404 widening project nears final stages
QUEEN ANNE — Local officials Sen. Steve Hershey and Del. Jeff Ghrist met with State Highway Administration representatives on Thursday, July 27, to tour and receive an update on the project to widen Maryland Route 404. The week also marked the 17th anniversary of the car crash that took the life of Brianna Nicole Freeman.
As the project nears completion, Marie Freeman, Brianna’s mother, who has been inspirational in helping the state see the need for this project, said the crash occurred on a “day that forever changed our lives. Two days later, 10-month-old Brianna Nicole gave the gift of life to three others — her liver to a 2-month-old, her kidneys to a 57-year old, and her heart to 3-year-old Chase Page.”
Freeman worked closely with the C-TEAM (Citizens for Transportation Emergency Action for Maryland), which was developed in response to the corridor’s crash history, and provided suggestions for improvement and worked closely with SHA to secure funding for the project.
Of her daughter, Freeman said, “her passing became significant in the rebirth of the Route 404 dualization effort. It is amazing to see where that project is now, and as I tell (Maryland) State Highway Administration, I’m not going away.”
The current project will complete widening the highway to four lanes from U.S. Route 50 past Denton. Route 404 needs to be dualized to the Delaware line and beyond, said Freeman.
Hershey, Ghrist and Freeman gathered around the table of the field office — a farmhouse near adjacent to the lot where Pizza Empire most recently stood — and viewed aerial footage of the project, along with SHA Administrator Greg Slater, District Engineer Greg Holsey and Assistant District Engineer Bret Hadzimichalis.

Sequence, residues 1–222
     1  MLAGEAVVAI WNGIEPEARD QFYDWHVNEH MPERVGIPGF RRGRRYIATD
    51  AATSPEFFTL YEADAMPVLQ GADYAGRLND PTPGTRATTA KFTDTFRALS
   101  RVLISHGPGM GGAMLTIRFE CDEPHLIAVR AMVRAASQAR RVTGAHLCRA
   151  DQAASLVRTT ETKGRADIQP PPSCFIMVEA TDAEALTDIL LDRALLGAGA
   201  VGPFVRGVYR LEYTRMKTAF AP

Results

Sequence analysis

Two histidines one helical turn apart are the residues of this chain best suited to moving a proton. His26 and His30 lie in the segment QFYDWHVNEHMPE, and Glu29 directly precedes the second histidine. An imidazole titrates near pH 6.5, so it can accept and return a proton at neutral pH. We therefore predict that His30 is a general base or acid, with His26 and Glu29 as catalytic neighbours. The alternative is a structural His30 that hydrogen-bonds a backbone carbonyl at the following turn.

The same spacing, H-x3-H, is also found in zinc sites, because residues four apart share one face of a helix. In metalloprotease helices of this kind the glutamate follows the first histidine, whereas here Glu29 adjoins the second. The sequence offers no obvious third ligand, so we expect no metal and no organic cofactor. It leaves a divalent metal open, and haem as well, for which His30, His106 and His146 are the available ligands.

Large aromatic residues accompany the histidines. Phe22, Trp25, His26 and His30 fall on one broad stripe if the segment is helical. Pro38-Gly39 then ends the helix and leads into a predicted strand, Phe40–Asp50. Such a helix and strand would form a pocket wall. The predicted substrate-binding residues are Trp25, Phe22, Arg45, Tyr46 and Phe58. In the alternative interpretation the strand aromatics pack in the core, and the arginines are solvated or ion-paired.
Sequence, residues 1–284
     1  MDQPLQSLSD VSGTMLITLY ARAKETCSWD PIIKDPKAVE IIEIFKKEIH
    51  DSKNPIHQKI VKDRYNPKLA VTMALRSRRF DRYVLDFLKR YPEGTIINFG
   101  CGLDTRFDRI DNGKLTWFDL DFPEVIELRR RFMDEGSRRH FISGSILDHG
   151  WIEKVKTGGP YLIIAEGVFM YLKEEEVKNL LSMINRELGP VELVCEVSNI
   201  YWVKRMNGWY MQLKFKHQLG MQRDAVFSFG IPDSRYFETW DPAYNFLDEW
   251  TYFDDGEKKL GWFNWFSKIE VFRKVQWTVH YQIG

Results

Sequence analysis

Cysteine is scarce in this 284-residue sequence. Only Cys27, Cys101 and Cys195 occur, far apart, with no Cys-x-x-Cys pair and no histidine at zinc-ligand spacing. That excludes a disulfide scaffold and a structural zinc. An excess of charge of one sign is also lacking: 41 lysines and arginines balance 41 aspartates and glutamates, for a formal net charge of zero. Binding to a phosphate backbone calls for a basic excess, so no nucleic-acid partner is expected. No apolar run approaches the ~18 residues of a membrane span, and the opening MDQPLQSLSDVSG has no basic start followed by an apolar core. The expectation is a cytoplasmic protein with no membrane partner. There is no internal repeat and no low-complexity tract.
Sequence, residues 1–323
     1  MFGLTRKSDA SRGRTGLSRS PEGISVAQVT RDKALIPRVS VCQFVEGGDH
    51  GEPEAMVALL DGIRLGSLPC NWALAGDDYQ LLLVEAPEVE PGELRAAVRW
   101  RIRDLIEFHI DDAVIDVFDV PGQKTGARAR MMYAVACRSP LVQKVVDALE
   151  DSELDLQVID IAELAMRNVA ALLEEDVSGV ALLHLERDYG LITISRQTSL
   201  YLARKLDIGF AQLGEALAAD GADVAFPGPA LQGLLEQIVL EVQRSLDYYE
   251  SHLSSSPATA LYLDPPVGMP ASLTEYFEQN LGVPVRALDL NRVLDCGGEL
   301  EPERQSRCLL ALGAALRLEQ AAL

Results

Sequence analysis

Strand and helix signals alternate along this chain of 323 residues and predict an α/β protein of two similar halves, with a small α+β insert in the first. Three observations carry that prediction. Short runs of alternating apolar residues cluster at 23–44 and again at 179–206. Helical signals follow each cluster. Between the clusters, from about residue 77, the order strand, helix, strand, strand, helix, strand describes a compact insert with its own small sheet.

The widening of 404 — to include two east-bound and two west-bound lanes separated by a median — is slated to be completed by Thanksgiving of this year, according to SHA officials. The project was a bit of a departure from traditional SHA projects in that it evolved as it progressed, Slater said. This format had several different contractors working on the three segments of Route 404 from Route 50 to Denton simultaneously and allowed for open discussion between agencies, he said.
Some of the design was actually done after the project was started, as builders and designers looked at the challenges presented by the project and how to most ef fectively work with them. Working with the Maryland Department of the Environment, we were able to find new solutions and alternate ways to do things without affecting environmental controls — something SHA takes very seriously, Slater said.
Another difference in this project, and perhaps one of the greatest achievements, was how SHA was able to work with the local residents affected by the new highway, Ghrist said.
They were able to look outside the box, Ghrist said, citing one property in particular that removing the trees adjacent to would impact their home’s foundation work — and they have done an outstanding job of working with property owners.
“It’s very impressive to see how this administration has been able to modify procurement strategies to build these transportation projects more expeditiously and more cost effectively,” Hershey said.
“We have challenged our engineers and they have met us each step of the way,” Slater said.
Notably, a $5 million incentive was given to the contractors to complete the project in one construction season — a bonus the contractors are working hard to achieve. The bonus will save SHA nearly $20 million for what would have been a lengthier project.
On Thursday, paving operations were taking place on what will be the new lanes of Route 404 west and the project is moving ahead on schedule to its target date. As that date approaches motorists are encouraged to pay close attention in the work zones and expect periodic lane closures in both directions.
“We never know what our day is going to hold ... looking out [on 404] I was sitting here 17 years ago, knowing my daughter wasn’t going to make it, and praying for a miracle,” Freeman said, “and now, here, finally is my miracle.”
Contractors work to place hot mix asphalt on a new section of state Route 404.